• OSHAcademy Course 736 Study GuideCopyright © 2000-2013 Geigle Safety Group, Inc. Page 13 of 515. A workplace hazard assessment is performed to do all of the following, EXCEPT:a. identification of potential sources of accidental releasesb. evaluation of processes that may cause faulty readingsc. identification of any previous released. estimation of workplace effects of a range of releases
    • OSHAcademy Course 736 Study GuideCopyright © 2000-2013 Geigle Safety Group, Inc. Page 14 of 51Module 2: How the PSM Standard AppliesApplicationThe various lines of defense incorporated into the designand operation of the PSM process should be evaluated andstrengthened to make sure they are effective at each level.Process safety management is the proactive identification,evaluation and mitigation or prevention of chemicalreleases that could occur as a result of failures inprocesses, procedures, or equipment.What does PSM target?The process safety management standard targets highly hazardous chemicals that have thepotential to cause a catastrophic incident. The purpose of the standard as a whole is to aidemployers in their efforts to prevent or mitigate episodic chemical releases that could lead to acatastrophe in the workplace and possibly in the surrounding community. It’s important to notethat the PSM standard is a performance-based rule; it does not specifically prescribe how eachelement is to be implemented. That’s left up to the employer.What does the employer need to develop?To control these types of hazards, employers need to develop the necessary expertise,experience, judgment, and initiative within their work force to properly implement andmaintain an effective process safety management program as envisioned in the OSHA PSMstandard.As you learned earlier, the OSHA PSM standard is required bythe Clean Air Act Amendments (CAAA) and the EnvironmentalProtection Agencys Risk Management Plan (RMP).Employers who merge the two sets of requirements into theirPSM program will better assure full compliance with CAAAand the RPM as well as enhance their relationship with thelocal community.What is the impact of the PSM?OSHA believes that the PSM requirements has a definite positive effect on the safety ofemployees and offers other potential benefits to employers, such as increased productivity.
    • OSHAcademy Course 736 Study GuideCopyright © 2000-2013 Geigle Safety Group, Inc. Page 15 of 51What can employers do to reduce risk?Employers, including small employers, may establish moreefficient inventory control by reducing, to below the establishedthreshold, the quantities of highly hazardous chemicals onsite.This reduction can be accomplished by ordering smallershipments and maintaining the minimum inventory necessaryfor efficient and safe operation.When reduced inventory is not feasible, the employer mightconsider dispersing inventory to several locations onsite.Dispersing storage into locations so that a release in onelocation will not cause a release in another location is also apractical way to reduce the risk or potential for catastrophicincidents.Who is not covered by the PSM Standard?The PSM standard does not apply to:• retail facilities;• oil or gas well drilling orservicing operations;• normally unoccupied remotefacilities;• hydrocarbon fuels used solelyfor workplace consumption as afuel (e.g. propane used forcomfort heating, gasoline forvehicle refueling), if such fuelsare not a part of a process containing another highly hazardous chemical covered bythis standard; and• flammable liquid stored in atmospheric tanks or transferred which are kept belowtheir normal boiling point without benefit of chilling or refrigerating and are notconnected to a process.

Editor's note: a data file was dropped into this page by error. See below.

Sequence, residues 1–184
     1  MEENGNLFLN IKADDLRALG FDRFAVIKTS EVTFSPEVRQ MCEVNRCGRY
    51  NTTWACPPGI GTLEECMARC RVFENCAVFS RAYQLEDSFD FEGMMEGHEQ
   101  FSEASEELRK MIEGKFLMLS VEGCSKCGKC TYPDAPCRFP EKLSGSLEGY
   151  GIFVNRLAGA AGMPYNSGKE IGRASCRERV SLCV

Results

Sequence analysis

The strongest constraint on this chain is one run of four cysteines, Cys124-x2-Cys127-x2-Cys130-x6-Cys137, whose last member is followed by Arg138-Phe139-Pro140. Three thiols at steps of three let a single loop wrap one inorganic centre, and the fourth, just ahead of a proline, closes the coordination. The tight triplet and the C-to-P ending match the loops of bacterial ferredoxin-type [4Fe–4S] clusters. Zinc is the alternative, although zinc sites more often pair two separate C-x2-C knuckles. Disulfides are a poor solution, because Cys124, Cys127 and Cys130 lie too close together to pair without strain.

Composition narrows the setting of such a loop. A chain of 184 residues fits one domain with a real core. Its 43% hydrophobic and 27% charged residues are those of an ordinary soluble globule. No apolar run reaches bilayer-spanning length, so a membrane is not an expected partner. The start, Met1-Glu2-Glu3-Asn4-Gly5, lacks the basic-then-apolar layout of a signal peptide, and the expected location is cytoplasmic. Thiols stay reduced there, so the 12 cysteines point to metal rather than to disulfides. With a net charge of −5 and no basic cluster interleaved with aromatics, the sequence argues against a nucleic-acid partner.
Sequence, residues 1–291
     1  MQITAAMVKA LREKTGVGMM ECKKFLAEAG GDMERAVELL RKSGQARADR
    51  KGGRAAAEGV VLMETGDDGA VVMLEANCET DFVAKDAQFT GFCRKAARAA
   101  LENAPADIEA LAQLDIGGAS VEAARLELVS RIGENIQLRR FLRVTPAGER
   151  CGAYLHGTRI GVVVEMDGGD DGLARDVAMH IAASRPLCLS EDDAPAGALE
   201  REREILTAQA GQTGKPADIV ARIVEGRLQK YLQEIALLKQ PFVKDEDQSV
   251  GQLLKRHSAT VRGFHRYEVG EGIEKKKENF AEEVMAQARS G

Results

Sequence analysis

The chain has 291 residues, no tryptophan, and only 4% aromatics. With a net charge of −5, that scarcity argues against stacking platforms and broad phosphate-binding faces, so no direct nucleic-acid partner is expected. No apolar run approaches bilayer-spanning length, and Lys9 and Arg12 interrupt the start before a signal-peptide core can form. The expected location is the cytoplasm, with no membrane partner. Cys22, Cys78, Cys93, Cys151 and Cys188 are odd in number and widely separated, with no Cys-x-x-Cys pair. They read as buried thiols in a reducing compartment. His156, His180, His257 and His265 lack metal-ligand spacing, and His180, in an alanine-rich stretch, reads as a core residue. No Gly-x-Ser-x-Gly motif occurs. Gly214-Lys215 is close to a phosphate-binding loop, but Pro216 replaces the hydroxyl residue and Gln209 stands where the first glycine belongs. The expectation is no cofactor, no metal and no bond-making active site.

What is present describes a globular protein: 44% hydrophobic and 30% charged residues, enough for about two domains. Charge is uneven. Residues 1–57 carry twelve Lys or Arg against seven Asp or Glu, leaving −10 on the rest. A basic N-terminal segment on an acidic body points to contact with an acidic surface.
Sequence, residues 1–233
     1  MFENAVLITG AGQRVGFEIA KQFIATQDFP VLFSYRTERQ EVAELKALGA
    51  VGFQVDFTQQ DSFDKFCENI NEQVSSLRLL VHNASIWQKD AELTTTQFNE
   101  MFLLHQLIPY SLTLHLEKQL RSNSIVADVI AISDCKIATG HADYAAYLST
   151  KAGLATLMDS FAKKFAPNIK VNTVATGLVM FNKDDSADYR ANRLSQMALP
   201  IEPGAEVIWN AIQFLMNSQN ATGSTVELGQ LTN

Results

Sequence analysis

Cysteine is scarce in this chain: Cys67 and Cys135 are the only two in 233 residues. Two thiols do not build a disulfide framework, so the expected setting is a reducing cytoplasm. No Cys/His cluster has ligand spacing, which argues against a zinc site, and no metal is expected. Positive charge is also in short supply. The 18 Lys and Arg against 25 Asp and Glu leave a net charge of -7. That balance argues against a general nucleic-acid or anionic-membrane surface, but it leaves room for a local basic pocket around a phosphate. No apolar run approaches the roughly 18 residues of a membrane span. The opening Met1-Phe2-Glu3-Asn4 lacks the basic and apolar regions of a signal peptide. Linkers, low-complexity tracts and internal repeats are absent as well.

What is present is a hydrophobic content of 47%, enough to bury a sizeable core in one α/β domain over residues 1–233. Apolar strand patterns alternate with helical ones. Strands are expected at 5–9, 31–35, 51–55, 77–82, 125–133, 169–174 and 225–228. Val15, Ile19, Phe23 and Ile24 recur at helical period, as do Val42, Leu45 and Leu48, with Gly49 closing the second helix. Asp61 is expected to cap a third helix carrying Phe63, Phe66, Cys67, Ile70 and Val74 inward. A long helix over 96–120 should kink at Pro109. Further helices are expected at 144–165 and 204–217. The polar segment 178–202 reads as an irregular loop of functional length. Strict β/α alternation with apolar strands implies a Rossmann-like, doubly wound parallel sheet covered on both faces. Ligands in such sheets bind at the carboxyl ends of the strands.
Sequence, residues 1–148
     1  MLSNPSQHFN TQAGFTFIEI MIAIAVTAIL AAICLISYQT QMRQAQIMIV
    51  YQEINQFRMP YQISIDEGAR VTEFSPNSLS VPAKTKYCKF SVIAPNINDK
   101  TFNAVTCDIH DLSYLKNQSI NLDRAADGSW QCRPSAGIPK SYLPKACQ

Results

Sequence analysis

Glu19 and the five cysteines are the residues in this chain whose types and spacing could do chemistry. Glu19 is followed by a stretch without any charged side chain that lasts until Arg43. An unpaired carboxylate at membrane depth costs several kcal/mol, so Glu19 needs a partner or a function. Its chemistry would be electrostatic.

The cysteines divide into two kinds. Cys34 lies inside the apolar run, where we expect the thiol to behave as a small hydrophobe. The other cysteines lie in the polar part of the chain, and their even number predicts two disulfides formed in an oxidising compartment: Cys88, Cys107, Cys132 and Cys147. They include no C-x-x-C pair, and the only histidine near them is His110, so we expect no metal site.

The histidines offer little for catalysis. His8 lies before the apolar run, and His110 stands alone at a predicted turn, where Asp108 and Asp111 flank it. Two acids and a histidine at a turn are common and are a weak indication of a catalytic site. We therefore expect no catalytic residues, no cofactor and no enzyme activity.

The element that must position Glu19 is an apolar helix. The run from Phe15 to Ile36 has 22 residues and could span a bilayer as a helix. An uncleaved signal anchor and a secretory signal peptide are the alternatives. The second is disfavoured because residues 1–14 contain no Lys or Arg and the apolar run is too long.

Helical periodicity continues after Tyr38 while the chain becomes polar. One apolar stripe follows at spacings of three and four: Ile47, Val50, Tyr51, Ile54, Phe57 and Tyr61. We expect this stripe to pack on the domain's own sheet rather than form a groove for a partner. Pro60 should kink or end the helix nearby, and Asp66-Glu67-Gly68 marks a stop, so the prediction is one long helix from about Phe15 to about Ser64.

• OSHAcademy Course 736 Study GuideCopyright © 2000-2013 Geigle Safety Group, Inc. Page 16 of 51BP American Refinery Explosion – Texas City, Texas (March 23, 2005)At approximately 1:20 p.m. on March 23, 2005, a series of explosions occurred at the BP TexasCity refinery during the restarting of a hydrocarbon isomerization unit. Fifteen workers werekilled and 180 others were injured. Many of the victims were in or around work trailers locatednear an atmospheric vent stack. The explosions occurred when a distillation tower flooded withhydrocarbons and was over pressurized, causing a geyser-like release from the vent stack.
    • OSHAcademy Course 736 Study GuideCopyright © 2000-2013 Geigle Safety Group, Inc. Page 17 of 51Module 2 QuizUse this quiz to self-check your understanding of the module content. You can also go onlineand take this quiz within the module. The online quiz provides the correct answer oncesubmitted.1. Process safety management is the ________ identification, evaluation and mitigationor prevention of chemical releases that could occur as a result of failures in processes,procedures, or equipment.a. proactiveb. reactivec. systematicd. random2. According to the text, the process safety management standard targets highlyhazardous chemicals that have the potential to cause a _________ incident.a. dangerousb. catastrophicc. horrendousd. fatal3. The OSHA PSM standard is required by which of the following?a. Clean Air Act Amendments (CAAA)b. Environmental Protection Agency Management Plan (RMP)c. 1970 Occupational Safety and Health Act (OSHA)d. Both A & B4. Employers may establish more efficient inventory control by reducing the quantitiesof highly hazardous chemicals to below which of the following?a. minimum HAZCOM levelsb. maximum HAZCOM levelsc. established thresholdd. detectable threshold5. The PSM standard does not apply to the following:a. Retail facilitiesb. Oil or gas well drilling or servicing operationsc. Normally unoccupied remote facilitiesd. All of the above